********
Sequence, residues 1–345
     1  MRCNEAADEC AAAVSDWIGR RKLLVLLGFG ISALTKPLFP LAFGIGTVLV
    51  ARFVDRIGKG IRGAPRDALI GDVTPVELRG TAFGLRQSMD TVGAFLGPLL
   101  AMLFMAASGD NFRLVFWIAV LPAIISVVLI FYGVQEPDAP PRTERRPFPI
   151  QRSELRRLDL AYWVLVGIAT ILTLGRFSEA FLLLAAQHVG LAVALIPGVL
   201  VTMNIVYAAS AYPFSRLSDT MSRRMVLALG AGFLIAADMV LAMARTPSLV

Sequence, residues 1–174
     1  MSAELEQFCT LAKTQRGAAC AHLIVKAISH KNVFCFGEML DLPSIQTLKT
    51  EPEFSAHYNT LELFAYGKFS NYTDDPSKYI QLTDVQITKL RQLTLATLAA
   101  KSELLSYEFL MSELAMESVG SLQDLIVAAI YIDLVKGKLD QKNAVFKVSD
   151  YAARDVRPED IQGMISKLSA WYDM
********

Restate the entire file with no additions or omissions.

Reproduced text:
Sequence, residues 1–345
     1  MRCNEAADEC AAAVSDWIGR RKLLVLLGFG ISALTKPLFP LAFGIGTVLV
    51  ARFVDRIGKG IRGAPRDALI GDVTPVELRG TAFGLRQSMD TVGAFLGPLL
   101  AMLFMAASGD NFRLVFWIAV LPAIISVVLI FYGVQEPDAP PRTERRPFPI
   151  QRSELRRLDL AYWVLVGIAT ILTLGRFSEA FLLLAAQHVG LAVALIPGVL
   201  VTMNIVYAAS AYPFSRLSDT MSRRMVLALG AGFLIAADMV LAMARTPSLV

Sequence, residues 1–174
     1  MSAELEQFCT LAKTQRGAAC AHLIVKAISH KNVFCFGEML DLPSIQTLKT
    51  EPEFSAHYNT LELFAYGKFS NYTDDPSKYI QLTDVQITKL RQLTLATLAA
   101  KSELLSYEFL MSELAMESVG SLQDLIVAAI YIDLVKGKLD QKNAVFKVSD
   151  YAARDVRPED IQGMISKLSA WYDM